Ahead of her summer one-day workshop on The Poetry of Dictionaries, we caught up with Kate Potts to find out what students can expect.
JT: Hi Kate. Thanks for answering a few questions for us! So New Definitions and Neologisms: The Poetry of Dictionaries – it’s quite a workshop title! Can you tell us a little more about what you’ll be fitting into the day of teaching?
KP: We’ll be using dictionaries as a way in to thinking about definition, meaning, and the power of language. In some of Derek Walcott’s poetry, Adam in Eden is compared to the figure of the poet – someone whose task it is to give things their names. In my workshop we will be looking at the recent spate of definition-focused work from poets like Kei Miller, Solmaz Sharif, and Sarah Howe, and writing some new definitions of our own. We’ll also think about newly-coined words, dialect words, and words no longer in use – words that might not be included in a standard English dictionary. How does weaving these words into our poems impact on our work and on how it’s read? Lastly, we’ll be talking about and writing poetry that uses dictionary-related procedures and constraints to take some of the authorial choice and intention out of writing. Using the dictionary as a sort of source text, this kind of activity can create some really playful and unexpected results.
JT: The internet and technology has created a vast number of neologisms. Are you in favour of experimenting with these new words in poetry? Or is that something only a n00b would do?
KP: I would never rule any words out! But as usual, context is hugely important. The vocabulary needs to make sense within the world and logic of the poem.
JT: Can you tell us a little more about Oulipian writing? And who are some of your favourite poets and poems we should be looking out for?
KP: OULIPO stands for Ouvroir de Litterature Potentielle (or workshop of potential literature). It was a movement founded in 1960 by a mathematician, Francois de Lionnais, and a writer, Raymond Queneau. They aimed to create new literature using predetermined formulas and procedures to choose and arrange the words. One of the most famous of these procedures is N+7, where you take a poem or text that already exists and substitute every noun for the noun listed seven nouns further on in the dictionary. You can have a go at this using The N+7 Machine here: http://www.spoonbill.org/n+7/.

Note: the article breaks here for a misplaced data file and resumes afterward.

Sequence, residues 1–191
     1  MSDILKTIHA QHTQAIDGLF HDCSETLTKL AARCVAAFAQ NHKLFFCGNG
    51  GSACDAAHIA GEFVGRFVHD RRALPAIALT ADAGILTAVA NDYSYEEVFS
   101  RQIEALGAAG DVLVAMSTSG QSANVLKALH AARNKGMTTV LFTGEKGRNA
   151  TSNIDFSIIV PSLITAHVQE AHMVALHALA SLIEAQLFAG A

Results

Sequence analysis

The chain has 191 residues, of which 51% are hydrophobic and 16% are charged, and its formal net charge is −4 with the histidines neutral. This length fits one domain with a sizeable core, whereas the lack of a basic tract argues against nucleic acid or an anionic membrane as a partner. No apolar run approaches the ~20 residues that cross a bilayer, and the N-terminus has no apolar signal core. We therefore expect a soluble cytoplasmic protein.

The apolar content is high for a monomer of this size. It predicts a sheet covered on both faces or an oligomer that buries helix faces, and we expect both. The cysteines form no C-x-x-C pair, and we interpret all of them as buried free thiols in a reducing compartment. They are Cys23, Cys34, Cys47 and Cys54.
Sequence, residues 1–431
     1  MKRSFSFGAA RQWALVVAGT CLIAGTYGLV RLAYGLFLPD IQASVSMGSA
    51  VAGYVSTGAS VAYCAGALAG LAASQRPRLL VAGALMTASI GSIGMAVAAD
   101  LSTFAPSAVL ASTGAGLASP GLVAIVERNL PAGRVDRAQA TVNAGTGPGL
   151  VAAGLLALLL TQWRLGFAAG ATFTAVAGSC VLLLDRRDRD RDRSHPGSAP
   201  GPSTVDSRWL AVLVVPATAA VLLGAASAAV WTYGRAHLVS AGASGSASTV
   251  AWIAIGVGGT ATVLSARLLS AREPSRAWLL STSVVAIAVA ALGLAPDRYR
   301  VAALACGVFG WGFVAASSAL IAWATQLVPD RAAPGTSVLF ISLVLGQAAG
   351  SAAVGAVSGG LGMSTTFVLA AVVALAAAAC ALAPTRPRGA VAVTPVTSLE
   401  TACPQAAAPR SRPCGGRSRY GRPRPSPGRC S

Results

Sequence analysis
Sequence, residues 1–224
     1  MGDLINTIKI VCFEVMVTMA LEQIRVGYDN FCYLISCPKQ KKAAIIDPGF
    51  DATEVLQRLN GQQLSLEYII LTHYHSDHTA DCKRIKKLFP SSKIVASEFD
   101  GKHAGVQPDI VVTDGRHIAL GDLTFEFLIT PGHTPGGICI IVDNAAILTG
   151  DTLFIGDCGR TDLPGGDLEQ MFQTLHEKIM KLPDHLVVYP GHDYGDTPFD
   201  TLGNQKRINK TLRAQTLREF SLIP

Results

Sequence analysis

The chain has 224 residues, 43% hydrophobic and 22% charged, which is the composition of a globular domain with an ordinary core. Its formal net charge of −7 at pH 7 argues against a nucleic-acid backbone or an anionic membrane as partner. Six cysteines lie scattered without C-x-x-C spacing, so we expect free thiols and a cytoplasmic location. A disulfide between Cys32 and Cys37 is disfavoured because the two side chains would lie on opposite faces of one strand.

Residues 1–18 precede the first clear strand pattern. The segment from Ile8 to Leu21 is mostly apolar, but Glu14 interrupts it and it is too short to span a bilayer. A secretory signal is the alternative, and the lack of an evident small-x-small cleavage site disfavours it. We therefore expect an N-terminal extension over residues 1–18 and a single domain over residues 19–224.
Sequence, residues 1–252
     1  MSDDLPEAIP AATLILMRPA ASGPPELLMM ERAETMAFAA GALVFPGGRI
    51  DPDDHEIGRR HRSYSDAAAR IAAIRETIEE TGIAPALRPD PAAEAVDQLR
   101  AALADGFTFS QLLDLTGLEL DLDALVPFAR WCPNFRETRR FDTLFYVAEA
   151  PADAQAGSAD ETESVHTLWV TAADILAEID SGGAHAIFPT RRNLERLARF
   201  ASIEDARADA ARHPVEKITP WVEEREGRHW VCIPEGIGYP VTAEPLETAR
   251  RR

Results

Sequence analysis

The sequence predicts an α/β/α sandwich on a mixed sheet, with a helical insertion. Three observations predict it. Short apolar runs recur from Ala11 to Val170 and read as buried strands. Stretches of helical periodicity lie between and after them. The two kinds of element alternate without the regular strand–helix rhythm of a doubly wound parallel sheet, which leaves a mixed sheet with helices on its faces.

Haryette Mullen’s Sleeping With the Dictionary and Christian Bok’s Eunoia both use Oulipan constraints. I’m also really interested in the work of Jackson MacLow, who uses lots of procedures in his poetry, some of them dictionary-related. Whether or not you like the idea of giving up the composition of your poem to the relative randomness of a predetermined constraint, I think this sort of writing can encourage us to think about how language functions, and can also help to generate some really surreal, strange new ideas and new work.
JT: We hear you’ve just finished your PhD. Congratulations! Can you tell us a little about it? (Or do you never want to think of it again?)
KP: Thanks very much! I’ve passed the viva now but I still have some (minor) corrections to write. My PhD is a critical and creative writing PhD on the multi-voice poetic radio play. I’ve developed a model of the multi-voice poetic radio play as a distinct sub-genre that functions differently to prose drama, or to single voice radio poetry. Some key influences I’ve written about are the oral epic (the Odyssey in particular), a mythic trope known as nekuian katabasis – in which the hero consults their dead ancestors, and the radio feature, which developed out of radio news and documentary and was initially particularly concerned with representing the voices and experiences of the listeners. The plays I studied are all interested in how communities are constructed and maintained through language. I also wrote my own radio play script, in which one of the characters is a dictionary.
JT: Your debut collection was published in 2011. Have you come out of the PhD with lots of creative work for a new book?
KP: I was writing a radio play script rather than a poetry collection, so I’ m hoping that the play will be produced at some point. I was studying part-time for my PhD and I’ve managed to find some time in between working and studying to write individual poems too. I’m going to include some reworked excerpts from the play script in the new collection, which is due to be published in 2018. There are also a few dictionary poems, and quite a few poems that focus on voice and voices. The PhD has been a really useful way of thinking about what it is I’m trying to do more generally in my poetry, as well as exploring radio poetry.
Kate Potts is a London-based poet and lecturer. Her pamphlet Whichever Music (tall-lighthouse, 2008) was a PBS Choice and was shortlisted for a Michael Marks Award. Her first full-length collection is Pure Hustle (Bloodaxe, 2011). Kate teaches for Oxford University, Royal Holloway and The Poetry School.
For more information and to book on to New Definitions and Neologisms: The Poetry of Dictionaries visit the course page